.catch((error) => console.error(" failed", error));

Step 3 : Handle Connected Participants

  • To receive notifications when a remote participant joins or leaves a call in Twilio, you can use the participantConnected and participantDisconnected events of the room.
  • Similarly, in VideoSDK, you can use the participant-joined and participant-left events of the meeting to be notified when a remote participant joins or leaves the call.
  • In addition, the stream-enabled event of the Participant class is used to manage the media track of a specific participant by associating it with the appropriate video or audio element.
function initializeMeeting() {
// ...

// Subscribe to the media published by RemoteParticipants already in the Room.
room.participants.forEach((participant) => {
participantConnected(participant, room);

// Subscribe to the media published by RemoteParticipants joining the Room later.
room.on("participantConnected", (participant) => {
participantConnected(participant, room);

// Handle a disconnected RemoteParticipant.
room.on("participantDisconnected", (participant) => {
participantDisconnected(participant, room);

function participantDisconnected(participant, room) {
// Remove the Participant's media container.
$(`div#${participant.sid}`, $participants).remove();
function initializeMeeting() {
// ...

// participant joined
meeting.on("participant-joined", (participant) => {
let videoElement = createVideoElement(,
let audioElement = createAudioElement(;

participant.on("stream-enabled", (stream) => {
setTrack(stream, audioElement, participant, false);

// participants left
meeting.on("participant-left", (participant) => {
let vElement = document.getElementById(`f-${}`);

let aElement = document.getElementById(`a-${}`);

// ...

Mapping Twilio’s events to VideoSDK

Below is a list of all Twilio events used in this demo and VideoSDK’s equivalents.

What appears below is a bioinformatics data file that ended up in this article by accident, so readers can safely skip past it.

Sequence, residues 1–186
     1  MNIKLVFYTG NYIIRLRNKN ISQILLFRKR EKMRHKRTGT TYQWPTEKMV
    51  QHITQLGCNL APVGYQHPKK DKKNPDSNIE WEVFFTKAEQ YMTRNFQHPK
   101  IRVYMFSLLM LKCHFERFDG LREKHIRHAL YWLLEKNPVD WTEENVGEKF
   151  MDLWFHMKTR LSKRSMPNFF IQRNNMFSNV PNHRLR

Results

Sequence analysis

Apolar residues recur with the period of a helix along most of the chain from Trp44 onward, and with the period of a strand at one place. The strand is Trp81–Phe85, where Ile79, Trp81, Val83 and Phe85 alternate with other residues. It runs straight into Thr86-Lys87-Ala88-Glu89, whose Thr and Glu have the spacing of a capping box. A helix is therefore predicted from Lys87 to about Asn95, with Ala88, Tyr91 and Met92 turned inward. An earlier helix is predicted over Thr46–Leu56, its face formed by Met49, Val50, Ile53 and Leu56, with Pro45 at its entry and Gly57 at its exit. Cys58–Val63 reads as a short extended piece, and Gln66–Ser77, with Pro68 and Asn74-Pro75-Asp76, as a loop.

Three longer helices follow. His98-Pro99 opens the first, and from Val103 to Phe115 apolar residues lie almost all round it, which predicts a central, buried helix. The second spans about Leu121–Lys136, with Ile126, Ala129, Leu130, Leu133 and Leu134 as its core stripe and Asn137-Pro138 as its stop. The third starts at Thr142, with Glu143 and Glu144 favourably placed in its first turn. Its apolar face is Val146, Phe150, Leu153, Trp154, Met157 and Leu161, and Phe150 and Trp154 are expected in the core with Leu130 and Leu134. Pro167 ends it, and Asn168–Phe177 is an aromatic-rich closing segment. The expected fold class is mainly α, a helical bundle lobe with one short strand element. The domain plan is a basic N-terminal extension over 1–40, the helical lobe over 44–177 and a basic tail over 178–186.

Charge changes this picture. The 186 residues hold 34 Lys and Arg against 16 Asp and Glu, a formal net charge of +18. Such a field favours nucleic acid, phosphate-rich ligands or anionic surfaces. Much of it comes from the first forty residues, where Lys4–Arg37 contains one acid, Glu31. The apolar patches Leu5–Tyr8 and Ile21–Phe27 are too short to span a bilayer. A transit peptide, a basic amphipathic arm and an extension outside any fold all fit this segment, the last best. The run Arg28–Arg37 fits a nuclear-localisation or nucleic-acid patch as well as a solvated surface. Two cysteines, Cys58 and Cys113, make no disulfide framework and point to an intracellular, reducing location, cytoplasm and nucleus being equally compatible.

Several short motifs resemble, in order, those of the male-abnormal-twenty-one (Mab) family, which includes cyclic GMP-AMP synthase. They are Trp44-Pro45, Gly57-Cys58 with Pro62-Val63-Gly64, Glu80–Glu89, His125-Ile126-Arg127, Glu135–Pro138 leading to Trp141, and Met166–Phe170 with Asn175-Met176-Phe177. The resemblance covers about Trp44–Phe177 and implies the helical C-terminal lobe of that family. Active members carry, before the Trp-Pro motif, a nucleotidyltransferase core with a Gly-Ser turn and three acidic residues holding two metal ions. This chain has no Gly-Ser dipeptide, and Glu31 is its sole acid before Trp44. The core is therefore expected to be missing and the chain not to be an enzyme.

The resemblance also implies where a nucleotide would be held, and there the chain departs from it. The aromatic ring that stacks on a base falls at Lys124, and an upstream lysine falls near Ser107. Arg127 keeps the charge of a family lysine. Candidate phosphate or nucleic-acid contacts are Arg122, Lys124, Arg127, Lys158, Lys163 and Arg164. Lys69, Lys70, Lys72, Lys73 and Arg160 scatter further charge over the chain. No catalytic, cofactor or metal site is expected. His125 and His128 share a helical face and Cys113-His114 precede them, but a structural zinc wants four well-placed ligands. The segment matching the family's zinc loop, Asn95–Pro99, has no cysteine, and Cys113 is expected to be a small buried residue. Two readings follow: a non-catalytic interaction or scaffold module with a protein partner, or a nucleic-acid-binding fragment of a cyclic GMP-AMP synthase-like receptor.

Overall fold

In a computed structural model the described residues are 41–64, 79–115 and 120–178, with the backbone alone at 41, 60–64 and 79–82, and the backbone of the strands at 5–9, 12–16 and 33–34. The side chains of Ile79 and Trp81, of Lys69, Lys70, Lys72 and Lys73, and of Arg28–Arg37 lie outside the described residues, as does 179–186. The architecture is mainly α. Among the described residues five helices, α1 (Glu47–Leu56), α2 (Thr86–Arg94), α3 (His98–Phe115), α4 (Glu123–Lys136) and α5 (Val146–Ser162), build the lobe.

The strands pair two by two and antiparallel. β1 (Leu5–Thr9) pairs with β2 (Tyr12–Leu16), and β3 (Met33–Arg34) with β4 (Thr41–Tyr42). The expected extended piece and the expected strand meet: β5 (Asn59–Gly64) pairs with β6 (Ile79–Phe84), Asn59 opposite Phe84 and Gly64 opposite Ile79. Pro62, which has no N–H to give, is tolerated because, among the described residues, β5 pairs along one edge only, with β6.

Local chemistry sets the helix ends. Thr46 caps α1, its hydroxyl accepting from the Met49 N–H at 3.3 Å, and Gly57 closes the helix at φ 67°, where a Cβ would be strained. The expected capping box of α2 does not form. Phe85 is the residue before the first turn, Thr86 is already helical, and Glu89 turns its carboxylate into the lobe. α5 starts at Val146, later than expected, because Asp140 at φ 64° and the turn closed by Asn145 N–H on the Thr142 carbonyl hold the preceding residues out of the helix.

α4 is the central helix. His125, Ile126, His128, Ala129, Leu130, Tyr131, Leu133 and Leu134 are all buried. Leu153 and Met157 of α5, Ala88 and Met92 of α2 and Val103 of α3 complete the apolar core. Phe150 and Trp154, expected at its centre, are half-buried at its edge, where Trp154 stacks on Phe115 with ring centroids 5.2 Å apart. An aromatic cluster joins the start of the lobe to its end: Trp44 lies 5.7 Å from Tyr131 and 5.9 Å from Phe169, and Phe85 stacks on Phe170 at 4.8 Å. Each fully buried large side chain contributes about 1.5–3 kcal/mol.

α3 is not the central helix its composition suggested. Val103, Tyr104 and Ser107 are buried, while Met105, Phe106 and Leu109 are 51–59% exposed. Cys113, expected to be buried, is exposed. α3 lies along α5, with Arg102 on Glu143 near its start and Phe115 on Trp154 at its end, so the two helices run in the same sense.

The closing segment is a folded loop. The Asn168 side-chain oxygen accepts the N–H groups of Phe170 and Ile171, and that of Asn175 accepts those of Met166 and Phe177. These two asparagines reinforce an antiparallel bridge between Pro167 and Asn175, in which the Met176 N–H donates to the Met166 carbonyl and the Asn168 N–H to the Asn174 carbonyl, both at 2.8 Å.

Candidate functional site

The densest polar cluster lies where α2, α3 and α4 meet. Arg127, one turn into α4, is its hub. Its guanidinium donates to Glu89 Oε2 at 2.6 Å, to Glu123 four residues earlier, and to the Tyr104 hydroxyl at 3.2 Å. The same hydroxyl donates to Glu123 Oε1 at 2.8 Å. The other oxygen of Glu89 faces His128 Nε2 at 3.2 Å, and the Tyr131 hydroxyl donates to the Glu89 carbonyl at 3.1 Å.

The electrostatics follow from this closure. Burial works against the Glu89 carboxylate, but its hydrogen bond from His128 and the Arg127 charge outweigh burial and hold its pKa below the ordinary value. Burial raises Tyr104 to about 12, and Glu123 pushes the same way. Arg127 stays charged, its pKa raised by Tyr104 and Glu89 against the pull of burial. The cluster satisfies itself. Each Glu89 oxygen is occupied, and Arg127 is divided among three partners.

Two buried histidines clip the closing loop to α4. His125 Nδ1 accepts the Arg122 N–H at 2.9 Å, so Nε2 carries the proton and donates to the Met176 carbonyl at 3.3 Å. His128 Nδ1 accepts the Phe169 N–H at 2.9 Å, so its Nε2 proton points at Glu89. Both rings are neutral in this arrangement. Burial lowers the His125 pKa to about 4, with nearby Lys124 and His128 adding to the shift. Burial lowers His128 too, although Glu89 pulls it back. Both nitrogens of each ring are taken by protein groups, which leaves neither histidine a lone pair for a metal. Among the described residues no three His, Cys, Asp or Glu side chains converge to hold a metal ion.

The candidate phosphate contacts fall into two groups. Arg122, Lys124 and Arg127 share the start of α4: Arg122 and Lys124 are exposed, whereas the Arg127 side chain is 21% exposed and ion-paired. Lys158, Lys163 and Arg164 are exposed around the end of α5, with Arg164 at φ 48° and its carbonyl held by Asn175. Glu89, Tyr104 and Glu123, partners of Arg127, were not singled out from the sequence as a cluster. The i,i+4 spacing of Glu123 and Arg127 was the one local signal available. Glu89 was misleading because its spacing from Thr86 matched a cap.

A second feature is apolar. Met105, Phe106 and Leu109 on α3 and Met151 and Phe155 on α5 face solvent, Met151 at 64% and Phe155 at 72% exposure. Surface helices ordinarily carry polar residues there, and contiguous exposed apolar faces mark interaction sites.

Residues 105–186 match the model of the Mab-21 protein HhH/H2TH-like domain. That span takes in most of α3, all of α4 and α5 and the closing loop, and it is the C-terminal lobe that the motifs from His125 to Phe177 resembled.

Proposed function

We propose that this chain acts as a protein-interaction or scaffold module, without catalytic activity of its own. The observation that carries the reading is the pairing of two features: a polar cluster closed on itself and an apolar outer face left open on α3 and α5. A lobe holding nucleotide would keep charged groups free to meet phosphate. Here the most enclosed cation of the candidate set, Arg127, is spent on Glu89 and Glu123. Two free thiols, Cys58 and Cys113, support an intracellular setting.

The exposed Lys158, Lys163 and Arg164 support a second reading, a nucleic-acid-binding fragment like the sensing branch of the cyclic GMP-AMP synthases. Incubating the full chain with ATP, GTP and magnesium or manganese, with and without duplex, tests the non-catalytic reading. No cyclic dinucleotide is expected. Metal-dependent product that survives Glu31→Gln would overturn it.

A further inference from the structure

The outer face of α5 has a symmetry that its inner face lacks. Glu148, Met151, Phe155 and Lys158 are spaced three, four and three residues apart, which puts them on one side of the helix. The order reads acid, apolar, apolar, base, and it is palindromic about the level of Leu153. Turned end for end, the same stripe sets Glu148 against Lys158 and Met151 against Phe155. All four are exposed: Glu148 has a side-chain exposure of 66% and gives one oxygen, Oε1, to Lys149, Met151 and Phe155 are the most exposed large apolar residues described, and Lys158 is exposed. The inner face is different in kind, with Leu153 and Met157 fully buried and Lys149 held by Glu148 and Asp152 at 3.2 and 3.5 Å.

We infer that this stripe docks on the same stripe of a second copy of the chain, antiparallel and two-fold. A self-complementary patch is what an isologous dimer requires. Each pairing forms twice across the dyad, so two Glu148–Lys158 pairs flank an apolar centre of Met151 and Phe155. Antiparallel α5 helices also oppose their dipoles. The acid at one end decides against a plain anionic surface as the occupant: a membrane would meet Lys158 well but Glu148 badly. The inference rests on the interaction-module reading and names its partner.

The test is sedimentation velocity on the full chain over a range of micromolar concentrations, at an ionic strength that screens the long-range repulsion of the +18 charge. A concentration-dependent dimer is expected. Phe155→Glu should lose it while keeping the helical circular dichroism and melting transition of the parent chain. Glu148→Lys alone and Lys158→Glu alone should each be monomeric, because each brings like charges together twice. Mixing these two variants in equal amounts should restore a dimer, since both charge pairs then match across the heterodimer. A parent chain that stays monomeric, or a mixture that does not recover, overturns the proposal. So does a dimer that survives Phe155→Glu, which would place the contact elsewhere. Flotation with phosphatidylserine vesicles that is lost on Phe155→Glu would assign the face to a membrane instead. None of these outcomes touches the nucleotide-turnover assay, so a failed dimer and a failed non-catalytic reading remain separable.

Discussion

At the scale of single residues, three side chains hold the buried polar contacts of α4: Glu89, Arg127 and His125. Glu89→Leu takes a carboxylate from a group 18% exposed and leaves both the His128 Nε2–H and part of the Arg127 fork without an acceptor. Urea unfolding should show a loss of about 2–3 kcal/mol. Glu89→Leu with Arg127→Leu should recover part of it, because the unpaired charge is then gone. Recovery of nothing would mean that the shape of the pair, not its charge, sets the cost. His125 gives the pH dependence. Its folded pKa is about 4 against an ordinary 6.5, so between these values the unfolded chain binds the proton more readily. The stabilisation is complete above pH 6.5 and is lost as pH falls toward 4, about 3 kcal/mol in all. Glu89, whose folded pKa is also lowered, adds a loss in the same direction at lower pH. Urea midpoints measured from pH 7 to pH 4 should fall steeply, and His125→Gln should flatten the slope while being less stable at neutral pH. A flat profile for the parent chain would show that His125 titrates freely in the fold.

Twilio EventsVideoSDK Events

Step 4 : Mute and UnMute Your Local Media

  • In Twilio, you can mute or unmute your LocalAudioTracks (microphone) and LocalVideoTracks (camera) by calling the disable or enable method.
  • In VideoSDK, you can use the muteMic function for the microphone and the disableWebcam function for the camera.
room.localParticipant.audioTracks.forEach((publication) => {
publication.track.disable(); // Disable Mic in Meeting
publication.track.enable(); // Enable Mic in Meeting

room.localParticipant.videoTracks.forEach((publication) => {
publication.track.disable(); // Disable Webcam in Meeting
publication.track.enable(); // Enable Webcam in Meeting
meeting.muteMic(); // Disable Mic in Meeting

meeting.unmuteMic(); // Enable Mic in Meeting

meeting.disableWebcam(); // Disable Webcam in Meeting

meeting.enableWebcam(); // Enable Webcam in Meeting

Step 5 : Disconnect from a Room

  • In Twilio, you have the ability to disconnect from a Room in which you are currently participating. Other Participants will receive a participantDisconnected event.
  • In VideoSDK, you can also disconnect from a Room you are currently participating in. Other Participants will receive a participant-left event, while the local participant will receive a meeting-left event.
room.on("disconnected", (room) => {
// Detach the local media elements
room.localParticipant.tracks.forEach((publication) => {
const attachedElements = publication.track.detach();
attachedElements.forEach((element) => element.remove());

// To disconnect from a Room
meeting.on("meeting-left", () => {
//Meeting Left

// To leave the meeting without removing all the participant
// you need to call leave() which is the part of the meeting object.

// To leave the meeting by removing all the participant
// you need to call end() which is the part of the meeting object.


As you conclude this migration journey, you've successfully adapted your application from Twilio to VideoSDK. The developed project showcases the implementation of VideoSDK in action, emphasizing its simplicity and efficiency.

Key Takeaways:

  • Automatic API key generation streamlines the setup process.
  • Token generation is simplified, offering flexibility for participants.
  • Granular control over participant tokens enhances security.
  • Global scalability and minimal latency ensure a seamless user experience.

Feel free to explore the developed project's codebase for a hands-on understanding of VideoSDK integration. As you transition, VideoSDK empowers your application with robust real-time communication features, providing a foundation for future scalability and innovation.

Contact Us

For any further assistance, questions, or community engagement, we welcome you to join our Discord channel. Connect with fellow developers, share insights, and stay updated on the latest developments.

If you require developer support or need personalized assistance, you can schedule a session with our team through our Developer Support portal. We are here to ensure a smooth integration and address any queries you may have. Your success with VideoSDK is our priority.